Competitive Stances Breed Competitive Stances

Published: Jan 27 , 2012
Author: Robin Copland

The two biggest world aircraft producers are Boeing and Airbus. These companies have enjoyed a duopoly for the past twenty years, according to Ryanair's chief executive, Michael O'Leary. Ryanair currently operate 275 Boeing aircraft. The airline is the largest low cost airline in Europe. O'Leary changed Ryanair's traditional business model to a low-cost model based on Southwest Airlines. He has since refined that model and famously trails what seem at the time to be outrageous ideas before implementing them and seeing them become part of the traditional way of doing business (scratch cards, paying for drinks and food on board the aircraft, credit card charges and the like).

He is a notorious "hard ball" negotiator. In December 2009, he pulled out of negotiations with Boeing for a new contract, starting in 2013 for the supply of new 737 aircraft. He fired some bait in the direction of Airbus but its chief executive, John Leahy, was dismissive saying, "I would have no problem selling aircraft to O'Leary at reasonable prices, but I have not seen anything reasonable from him" (CAPA 15 December 2009).

Both Airbus and Boeing have been slow to introduce new, more economic models in the single-aisle 200-seater market, preferring instead to milk profits from the Boeing 737/Airbus A320 variants currently on sale. To be fair, both companies have had their fingers burned recently with new product launches, the Boeing 787 and the Airbus A380. Neither company is willing to bet its future on a new product when both have tried and tested products already in the marketplace. Ryanair, as well as other airlines - most famously perhaps EasyJet, has been frustrated by this lack of product development.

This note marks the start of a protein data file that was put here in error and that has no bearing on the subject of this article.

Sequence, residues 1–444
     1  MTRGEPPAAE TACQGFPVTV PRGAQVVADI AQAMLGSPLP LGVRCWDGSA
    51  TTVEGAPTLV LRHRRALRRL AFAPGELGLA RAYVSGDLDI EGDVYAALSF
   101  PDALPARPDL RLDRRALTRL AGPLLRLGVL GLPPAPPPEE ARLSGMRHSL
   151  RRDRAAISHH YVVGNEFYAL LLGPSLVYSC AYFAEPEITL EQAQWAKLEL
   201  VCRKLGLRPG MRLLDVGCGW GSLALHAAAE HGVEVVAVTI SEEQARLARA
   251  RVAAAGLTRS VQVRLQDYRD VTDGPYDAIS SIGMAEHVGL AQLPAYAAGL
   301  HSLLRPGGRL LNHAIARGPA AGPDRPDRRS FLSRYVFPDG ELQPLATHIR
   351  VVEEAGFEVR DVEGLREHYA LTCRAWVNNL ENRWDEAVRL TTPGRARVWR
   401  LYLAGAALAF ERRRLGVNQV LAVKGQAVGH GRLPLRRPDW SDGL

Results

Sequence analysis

What was initially seen as a negotiator's ploy - threatening an existing supplier with their competition - has turned into a real negotiating opportunity for O'Leary with his announcement on 21 June 2011 at the Paris Air Show that he is cooperating with a Chinese aircraft manufacturer, Comac to help them develop a 200-seater version of their new plane, the C919.

That said, he was quick to point out that Ryanair "remain in continuing discussions with both Boeing and now Comac for a replacement aircraft order of at least 200 aircraft". In other words, he is trying to set up a competition between Boeing and Comac. Also interesting is the fact that the Comac C919 will cost roughly US$32m per plane - a lot of money, but still 10% less than the offerings from either Boeing or Airbus. This suggests that though price will undoubtedly be an issue for Ryanair, O'Leary does not want to burn his boats with Boeing just yet. It remains to be seen how willing the market is to fly on an untried plane made by a country and company whose products have yet to develop a reputation in Europe. He needs to be very careful indeed before foisting a Chinese plane on a sceptical European market.

These are interesting times for all concerned and this is one of the few commercial negotiations that is being played out in the full glare of press publicity.

Rynair's "previous" may count against it in its negotiations with Boeing and the increasingly distant Airbus. When negotiators decide to adopt an adversarial stance with the other side, they need to make sure that the power balance is well and truly in their favour. They also need to recognise that in a long-term relationship aggravating the other side may not work in your favour in the long run.

Robin Copland


Robin Copland

About the author:

Robin Copland
I come from a sales background, firstly selling brands like Del Monte, Campbell’s and Nabisco to the grocery trade, then working in the hotel business, selling and marketing top-end brands like Gleneagles Hotel and the St Andrews Old Course Hotel to an international market.

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